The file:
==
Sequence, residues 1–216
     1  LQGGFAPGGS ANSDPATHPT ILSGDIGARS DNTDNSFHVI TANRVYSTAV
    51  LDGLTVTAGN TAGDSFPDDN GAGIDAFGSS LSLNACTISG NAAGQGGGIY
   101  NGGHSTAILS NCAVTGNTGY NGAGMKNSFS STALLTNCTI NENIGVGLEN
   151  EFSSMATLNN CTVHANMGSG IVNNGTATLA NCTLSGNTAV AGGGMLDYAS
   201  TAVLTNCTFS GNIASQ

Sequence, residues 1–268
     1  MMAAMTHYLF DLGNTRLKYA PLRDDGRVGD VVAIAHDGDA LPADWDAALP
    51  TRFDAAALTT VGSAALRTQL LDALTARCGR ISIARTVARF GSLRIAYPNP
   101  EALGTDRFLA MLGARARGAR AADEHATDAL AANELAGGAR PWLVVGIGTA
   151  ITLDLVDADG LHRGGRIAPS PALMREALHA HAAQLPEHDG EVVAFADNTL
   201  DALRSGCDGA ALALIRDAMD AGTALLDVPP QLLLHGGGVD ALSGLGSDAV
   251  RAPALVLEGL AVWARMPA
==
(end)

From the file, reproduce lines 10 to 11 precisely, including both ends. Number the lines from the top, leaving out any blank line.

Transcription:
   101  EALGTDRFLA MLGARARGAR AADEHATDAL AANELAGGAR PWLVVGIGTA
   151  ITLDLVDADG LHRGGRIAPS PALMREALHA HAAQLPEHDG EVVAFADNTL